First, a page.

Infamous bank robbers
The Depression years of the early 1930s created many famous bank robbers and ultimately led to their incarceration at the Kansas State Prison.
Two of these robbers were together in 1933 and planned the Memorial Day Prison Break. They were Wilbur Underhill, who was called the Tri-State Killer or Mad Dog, and Harvey Bailey.
Underhill was a violent bank robber who would kill anyone who got in his way. Bailey was not violent but robbed many banks.
Underhill planned to kill Warden Kirk Prather during the break. Prather, who was appointed by a Democratic governor, was to be relieved of his job on June 1, 1933. Republican Alf Landon would appoint the new warden, as that is what happened with administration changes. The prison break was planned to coincide with that change, partly because there would be a lot of new personnel on duty.
Bailey was furnished money from an outside source, and Underhill used this money to smuggle four .38 caliber automatic pistols into the prison. Underhill was locked up in solitary confinement most of the time. Bailey had not intended to be in an escape, but when he found out that Underhill wanted to kill Prather, he decided to go in with him mainly to protect the warden, whom he liked. The warden was to be used as a shield and hostage.
Everything was set for the escape during the Junior League Baseball Game on Memorial Day. The game was tied 2 to 2 in the sixth inning. My two brothers were at the game with my dad and cousin Jim Studdard. All eyes were on the game when Warden Prather walked down "Broadway," as the inmates called it, from the administration building to the baseball field. While he was walking, Bailey poked a gun into Prather's stomach; Underhill dropped a loop of copper wire around Prather's neck. There were five inmates in the plan, and Bailey had a hard time keeping Clark, Sawyer and "Edgy" Davis in line. As they walked to the pitcher's mound, they picked up several guards as shields, and they asked if more inmates wanted to join them. Six more decided to take the chance, which made a total of 11.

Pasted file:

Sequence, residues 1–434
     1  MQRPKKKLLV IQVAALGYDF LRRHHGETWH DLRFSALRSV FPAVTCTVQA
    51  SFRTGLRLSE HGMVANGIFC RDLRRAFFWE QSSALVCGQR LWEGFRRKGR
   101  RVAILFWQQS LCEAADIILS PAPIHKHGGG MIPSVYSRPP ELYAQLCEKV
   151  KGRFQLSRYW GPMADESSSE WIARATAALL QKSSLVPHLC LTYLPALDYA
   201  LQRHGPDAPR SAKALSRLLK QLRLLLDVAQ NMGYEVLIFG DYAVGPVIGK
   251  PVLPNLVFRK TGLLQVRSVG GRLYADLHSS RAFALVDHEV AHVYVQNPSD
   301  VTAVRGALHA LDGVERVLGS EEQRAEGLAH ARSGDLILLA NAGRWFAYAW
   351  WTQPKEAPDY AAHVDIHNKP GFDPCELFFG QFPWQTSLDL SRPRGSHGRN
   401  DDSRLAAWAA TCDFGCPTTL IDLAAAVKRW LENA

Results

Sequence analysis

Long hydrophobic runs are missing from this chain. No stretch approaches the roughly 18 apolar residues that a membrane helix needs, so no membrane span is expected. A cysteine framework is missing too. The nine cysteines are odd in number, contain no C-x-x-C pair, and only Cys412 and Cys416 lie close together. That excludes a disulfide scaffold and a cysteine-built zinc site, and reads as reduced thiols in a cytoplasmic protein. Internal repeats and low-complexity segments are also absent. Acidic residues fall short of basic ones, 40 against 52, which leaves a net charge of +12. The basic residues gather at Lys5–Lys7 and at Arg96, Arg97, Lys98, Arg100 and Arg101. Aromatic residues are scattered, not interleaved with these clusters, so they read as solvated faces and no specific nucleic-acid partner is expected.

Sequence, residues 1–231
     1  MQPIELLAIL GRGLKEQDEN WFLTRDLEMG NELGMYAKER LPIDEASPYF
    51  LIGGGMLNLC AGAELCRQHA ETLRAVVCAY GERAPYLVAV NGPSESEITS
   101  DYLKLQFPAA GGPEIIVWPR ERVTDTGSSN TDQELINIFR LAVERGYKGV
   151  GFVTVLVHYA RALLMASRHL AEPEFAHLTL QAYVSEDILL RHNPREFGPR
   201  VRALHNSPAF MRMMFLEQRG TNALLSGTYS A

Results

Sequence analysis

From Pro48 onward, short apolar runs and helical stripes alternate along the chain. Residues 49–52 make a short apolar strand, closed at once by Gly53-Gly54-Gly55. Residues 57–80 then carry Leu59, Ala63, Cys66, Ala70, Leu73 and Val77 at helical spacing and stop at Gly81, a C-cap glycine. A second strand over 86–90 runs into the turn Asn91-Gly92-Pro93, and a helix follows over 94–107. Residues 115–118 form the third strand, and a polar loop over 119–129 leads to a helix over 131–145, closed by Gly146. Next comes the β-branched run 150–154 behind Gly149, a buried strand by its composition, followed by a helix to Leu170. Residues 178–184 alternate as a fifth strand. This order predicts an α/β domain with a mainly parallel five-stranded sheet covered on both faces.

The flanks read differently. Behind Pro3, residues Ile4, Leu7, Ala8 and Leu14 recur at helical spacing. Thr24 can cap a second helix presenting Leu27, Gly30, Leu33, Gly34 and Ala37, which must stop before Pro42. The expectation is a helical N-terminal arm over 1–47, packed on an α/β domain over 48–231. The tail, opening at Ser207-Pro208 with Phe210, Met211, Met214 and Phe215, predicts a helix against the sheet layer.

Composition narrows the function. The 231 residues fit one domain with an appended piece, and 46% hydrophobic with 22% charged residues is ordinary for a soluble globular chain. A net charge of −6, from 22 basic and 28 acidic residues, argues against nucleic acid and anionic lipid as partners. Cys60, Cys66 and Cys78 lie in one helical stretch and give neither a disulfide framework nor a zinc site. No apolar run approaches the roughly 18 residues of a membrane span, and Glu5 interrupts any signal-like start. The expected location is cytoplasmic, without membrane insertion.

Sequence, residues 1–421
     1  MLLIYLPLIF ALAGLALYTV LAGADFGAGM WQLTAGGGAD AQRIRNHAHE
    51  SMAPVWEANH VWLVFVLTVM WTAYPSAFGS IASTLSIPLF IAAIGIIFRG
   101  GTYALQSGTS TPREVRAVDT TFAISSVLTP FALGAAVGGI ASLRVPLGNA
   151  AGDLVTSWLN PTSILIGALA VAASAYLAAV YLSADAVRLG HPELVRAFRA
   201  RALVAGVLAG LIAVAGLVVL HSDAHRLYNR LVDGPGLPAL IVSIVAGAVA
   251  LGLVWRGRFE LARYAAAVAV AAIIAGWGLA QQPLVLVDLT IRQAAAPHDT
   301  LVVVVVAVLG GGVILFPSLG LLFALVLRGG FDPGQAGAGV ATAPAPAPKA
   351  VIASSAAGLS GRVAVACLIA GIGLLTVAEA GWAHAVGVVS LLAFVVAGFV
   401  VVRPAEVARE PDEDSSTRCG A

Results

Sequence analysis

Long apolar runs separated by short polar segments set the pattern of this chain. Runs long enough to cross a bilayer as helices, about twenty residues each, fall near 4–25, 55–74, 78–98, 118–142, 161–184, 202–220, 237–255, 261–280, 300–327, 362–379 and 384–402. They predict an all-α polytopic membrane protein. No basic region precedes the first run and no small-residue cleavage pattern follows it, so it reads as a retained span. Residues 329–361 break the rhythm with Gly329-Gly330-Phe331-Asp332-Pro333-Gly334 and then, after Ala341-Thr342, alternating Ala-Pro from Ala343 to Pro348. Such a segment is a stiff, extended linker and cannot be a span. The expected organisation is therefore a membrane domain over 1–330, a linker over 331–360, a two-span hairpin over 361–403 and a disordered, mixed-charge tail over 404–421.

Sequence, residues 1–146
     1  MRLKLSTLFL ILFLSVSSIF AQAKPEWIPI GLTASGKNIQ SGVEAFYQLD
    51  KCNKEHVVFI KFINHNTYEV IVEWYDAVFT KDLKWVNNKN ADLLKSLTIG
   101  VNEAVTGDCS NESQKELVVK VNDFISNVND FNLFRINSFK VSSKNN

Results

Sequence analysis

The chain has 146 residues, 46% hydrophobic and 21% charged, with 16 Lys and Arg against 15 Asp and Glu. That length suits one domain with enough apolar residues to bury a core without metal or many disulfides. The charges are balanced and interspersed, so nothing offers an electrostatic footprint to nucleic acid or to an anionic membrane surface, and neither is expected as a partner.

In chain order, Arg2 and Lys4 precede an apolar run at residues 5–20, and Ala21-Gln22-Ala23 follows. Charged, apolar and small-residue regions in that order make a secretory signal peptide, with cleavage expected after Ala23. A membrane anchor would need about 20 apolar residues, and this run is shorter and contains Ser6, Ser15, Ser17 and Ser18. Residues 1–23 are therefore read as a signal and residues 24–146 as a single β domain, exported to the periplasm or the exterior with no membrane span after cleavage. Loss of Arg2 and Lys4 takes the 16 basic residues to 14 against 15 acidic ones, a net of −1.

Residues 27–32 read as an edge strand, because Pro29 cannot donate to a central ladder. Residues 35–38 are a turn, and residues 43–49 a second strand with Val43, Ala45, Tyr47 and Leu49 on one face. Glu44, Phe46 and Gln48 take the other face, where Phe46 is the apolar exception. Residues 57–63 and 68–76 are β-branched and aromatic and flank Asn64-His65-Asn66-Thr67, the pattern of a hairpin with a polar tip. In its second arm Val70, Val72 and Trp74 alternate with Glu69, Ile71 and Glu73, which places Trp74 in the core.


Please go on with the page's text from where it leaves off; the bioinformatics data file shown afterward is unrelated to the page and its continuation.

The 11 inmates, the warden and the hostages walked to the tower in centerfield. The guards in the tower were forced to throw down their guns and the door key to keep the hostages from being killed. At this time, the wildcat whistle was sounded that warned the whole town of an escape. Then the escapees and hostages climbed up the tower and lowered themselves down on the outside by way of an extension ladder taken from the twine shop. They stole farm superintendent W.W. Woodson's car that was being filled at the prison gas pump. As they came down, a farm foreman shot Bailey in the knee.
Even thought Bailey had lost a great amount of blood, he protected the warden. Just over the Oklahoma line, they turned loose the warden and two guards, John Sherman and L.A. Laws. Bailey gave the warden a $5 bill for phone calls and bus fare back to Lansing. Bailey had kept his promise about keeping the warden safe. Then the inmates headed for the densely wooded Cookson Hills, which was American Indian country.
Two young boys witnessed this escape down the ladder. They were Bill Powell and Rex Stewart, whose dads both worked at the prison. During the game, my dad saw what was happening and told my brothers and cousin to lay flat down in the bleachers so they would not be seen. Later my brother Tom was upset because they did not finish the game.